- If you want to use this ingredient as a binder or an egg substitute, allow the husks to soak in water for 10 to 15 minutes. The mixture should become thick and slimy like an egg white. This is a much faster process if you use powdered husks instead of whole.
- Start by using a small number of husks in a new recipe the first time you make it. You don't want to accidentally weigh a recipe down too much.
- These husks pair very well with other flour alternatives like almond flour, coconut flour, and peanut flour.
Where to Buy Psyllium Husk Powder?
This ingredient isn't incredibly easy to find in just any store, though some may carry it in their health food aisle. You might have luck finding it where the gluten-free food is kept.
You can easily find it online, but many health food stores will carry it as well. Amazon is my preferred place to buy psyllium husk powder! Some bulk food stores may also offer it as well as some online keto shops.
If you plan on using it regularly, it is more affordable to buy it in large quantities.
Psyllium Husk Recipes
If you are interested in baking with psyllium husk powder, check out these other low-carb recipes. They are a great source of information for baking tips too.
- Pumpkin Seed Bread With Sunflower And Psyllium Seeds is a hearty loaf of bread that is full of flavor while being low-carb.
- Paleo Gluten-Free Egg-Free Bread With Psyllium is a healthy recipe suitable for a low-carb and paleo diet.
- Low Carb Keto Hamburger Buns are full of flavor and perfectly soft. Perfect for barbecues and hamburger nights!
- Coconut Flour With Psyllium Husk Bread is an easy low-carb bread recipe that goes well with most main dishes.
- Easy Low Carb Bread Recipe is the perfect keto bread recipe to try for beginners or when you need something fast.
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I definitely wouldn't call this an ultimate guide...I was looking for information on how they affect textures of baked goods (a cake, for instance...will it become tough and chewy if you add to cake mix?) Or what about bread that isn't gluten free - will it cut the gluten strands and decrease fluffiness? I would call this a keto guide, not an ultimate guide. Usually I don't comment like this but it was such false advertising.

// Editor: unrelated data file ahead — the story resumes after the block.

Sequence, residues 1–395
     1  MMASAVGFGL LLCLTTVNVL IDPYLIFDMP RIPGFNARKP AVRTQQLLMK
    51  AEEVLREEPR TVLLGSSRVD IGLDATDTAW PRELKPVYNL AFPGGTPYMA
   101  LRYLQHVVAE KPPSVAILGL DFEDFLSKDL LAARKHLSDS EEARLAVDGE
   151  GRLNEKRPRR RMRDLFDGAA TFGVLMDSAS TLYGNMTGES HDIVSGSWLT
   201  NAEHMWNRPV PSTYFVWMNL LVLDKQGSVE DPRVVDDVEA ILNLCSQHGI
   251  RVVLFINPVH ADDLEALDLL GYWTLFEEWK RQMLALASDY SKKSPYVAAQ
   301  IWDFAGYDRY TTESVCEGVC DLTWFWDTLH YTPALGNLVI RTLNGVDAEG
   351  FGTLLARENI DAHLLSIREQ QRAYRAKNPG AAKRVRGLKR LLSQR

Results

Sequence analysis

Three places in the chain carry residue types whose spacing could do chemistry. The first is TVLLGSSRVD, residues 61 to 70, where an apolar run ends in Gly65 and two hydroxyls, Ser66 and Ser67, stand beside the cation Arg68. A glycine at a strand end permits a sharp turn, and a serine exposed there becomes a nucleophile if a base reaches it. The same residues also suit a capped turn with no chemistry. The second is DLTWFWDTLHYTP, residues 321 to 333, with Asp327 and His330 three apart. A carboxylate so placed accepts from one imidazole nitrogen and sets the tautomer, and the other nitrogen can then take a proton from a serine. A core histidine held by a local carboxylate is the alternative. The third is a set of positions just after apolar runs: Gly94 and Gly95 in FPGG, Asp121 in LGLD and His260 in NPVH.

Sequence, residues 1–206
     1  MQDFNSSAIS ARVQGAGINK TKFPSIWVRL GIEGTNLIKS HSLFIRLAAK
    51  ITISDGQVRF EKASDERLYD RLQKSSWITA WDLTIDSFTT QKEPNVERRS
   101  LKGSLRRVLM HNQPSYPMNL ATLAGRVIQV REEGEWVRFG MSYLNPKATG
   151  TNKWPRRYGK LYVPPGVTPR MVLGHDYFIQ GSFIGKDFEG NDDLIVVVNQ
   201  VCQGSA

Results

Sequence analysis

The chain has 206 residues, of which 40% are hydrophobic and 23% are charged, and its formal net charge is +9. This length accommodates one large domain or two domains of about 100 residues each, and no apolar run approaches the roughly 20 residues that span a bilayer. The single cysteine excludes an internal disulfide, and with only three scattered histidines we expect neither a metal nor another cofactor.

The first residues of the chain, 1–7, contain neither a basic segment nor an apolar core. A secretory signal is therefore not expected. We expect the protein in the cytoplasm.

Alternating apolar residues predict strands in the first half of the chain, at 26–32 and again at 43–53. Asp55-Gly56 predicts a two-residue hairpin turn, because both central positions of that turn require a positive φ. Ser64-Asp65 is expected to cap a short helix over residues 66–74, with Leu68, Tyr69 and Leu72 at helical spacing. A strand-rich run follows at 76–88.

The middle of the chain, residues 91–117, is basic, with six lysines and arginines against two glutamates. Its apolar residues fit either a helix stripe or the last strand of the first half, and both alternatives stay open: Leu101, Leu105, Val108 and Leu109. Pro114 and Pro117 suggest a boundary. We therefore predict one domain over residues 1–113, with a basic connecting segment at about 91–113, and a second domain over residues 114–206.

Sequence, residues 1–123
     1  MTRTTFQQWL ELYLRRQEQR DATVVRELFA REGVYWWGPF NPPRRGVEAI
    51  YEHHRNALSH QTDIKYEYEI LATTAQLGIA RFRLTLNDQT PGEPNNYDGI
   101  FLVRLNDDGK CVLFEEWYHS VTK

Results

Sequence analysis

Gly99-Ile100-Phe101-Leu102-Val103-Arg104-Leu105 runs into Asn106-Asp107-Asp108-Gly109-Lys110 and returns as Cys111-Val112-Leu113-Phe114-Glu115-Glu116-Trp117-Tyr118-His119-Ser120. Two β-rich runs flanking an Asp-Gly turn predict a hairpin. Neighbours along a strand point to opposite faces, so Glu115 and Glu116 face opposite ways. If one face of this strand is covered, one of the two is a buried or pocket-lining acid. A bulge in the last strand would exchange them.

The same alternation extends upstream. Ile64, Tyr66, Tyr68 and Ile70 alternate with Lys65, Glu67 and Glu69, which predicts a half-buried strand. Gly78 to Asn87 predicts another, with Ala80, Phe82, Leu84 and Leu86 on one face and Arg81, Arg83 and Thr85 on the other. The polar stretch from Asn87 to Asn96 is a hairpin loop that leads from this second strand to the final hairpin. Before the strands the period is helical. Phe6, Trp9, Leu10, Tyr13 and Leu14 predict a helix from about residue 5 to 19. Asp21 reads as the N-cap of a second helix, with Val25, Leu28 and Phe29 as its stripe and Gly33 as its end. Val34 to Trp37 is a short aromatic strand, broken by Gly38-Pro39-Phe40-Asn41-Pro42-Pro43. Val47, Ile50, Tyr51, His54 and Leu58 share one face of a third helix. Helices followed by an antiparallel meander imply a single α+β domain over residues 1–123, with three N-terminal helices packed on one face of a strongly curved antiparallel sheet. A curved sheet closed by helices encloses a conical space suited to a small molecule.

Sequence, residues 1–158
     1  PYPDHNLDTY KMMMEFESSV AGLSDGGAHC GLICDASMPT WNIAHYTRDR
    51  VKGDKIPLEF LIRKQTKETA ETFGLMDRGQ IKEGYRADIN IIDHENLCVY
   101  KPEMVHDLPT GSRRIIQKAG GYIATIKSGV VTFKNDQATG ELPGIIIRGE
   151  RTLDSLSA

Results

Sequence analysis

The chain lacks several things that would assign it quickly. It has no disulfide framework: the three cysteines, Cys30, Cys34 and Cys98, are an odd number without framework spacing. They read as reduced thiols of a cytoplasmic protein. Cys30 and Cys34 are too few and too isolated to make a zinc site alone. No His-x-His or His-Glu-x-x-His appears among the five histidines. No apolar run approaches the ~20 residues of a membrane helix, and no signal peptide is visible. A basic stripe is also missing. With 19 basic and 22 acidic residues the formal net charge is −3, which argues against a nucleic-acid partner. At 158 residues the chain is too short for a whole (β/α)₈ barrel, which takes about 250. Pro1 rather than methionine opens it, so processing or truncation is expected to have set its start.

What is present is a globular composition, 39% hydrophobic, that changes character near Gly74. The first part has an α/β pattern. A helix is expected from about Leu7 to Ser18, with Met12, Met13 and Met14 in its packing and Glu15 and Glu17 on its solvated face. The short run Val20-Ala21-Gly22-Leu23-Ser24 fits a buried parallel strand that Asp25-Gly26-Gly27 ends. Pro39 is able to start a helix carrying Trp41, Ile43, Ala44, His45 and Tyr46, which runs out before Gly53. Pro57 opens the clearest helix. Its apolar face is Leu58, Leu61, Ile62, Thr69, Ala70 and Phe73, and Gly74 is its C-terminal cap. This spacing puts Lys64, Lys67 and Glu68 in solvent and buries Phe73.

The only reason I am asking about Psyllium is to increase my soluble fiber.
No keto, no gluten free interest or need.
How can I simply add to my bread dough mix with a minimum of change in the character of the loaf? at what ratio per cup of flour?
Powder or Husk?
Ummm...you repeated basically the same information over and over again without mentioning HOW to use them in baking. Is it like a 1:10 ratio to flour alternatives? Does it depend on the flour alternative? I mean you wrote, "You can easily add as much as a full cup of these husks to your keto bread recipes to give them a bready texture and plenty of dietary fiber." A full cup of psyllium husks compared to how much flour alternative?
It's not an easy substitute to give a straight ratio. It can vary depending on the recipe and usually needs to be combined with other things like coconut flour or egg whites. It's acts more like a binder than flour.
If the recipe I am using says quarter cup of psyllum husks and I only have the powder, do I use the same amount?
I've found that the powder is about twice as much as whole husks. But it's safer to go by weight.
Hi Lisa,. I love how you explain the use for psyllium husk. I bought a bag while trying to do keto, not for me. I see the many uses for it, my question is can I replace the bread crumbs I use to make my meatballs and meatloaf with psyllium husk! I'm diabetic love to cook, but looking to get more fiber into meals without loosing flavour! Looking forward to more of your recipes! Ty
I have seen keto meatballs made with about 1 tbsp of psyllium husk instead of breadcrumbs so it should work out. Just don't use too much as they do expand.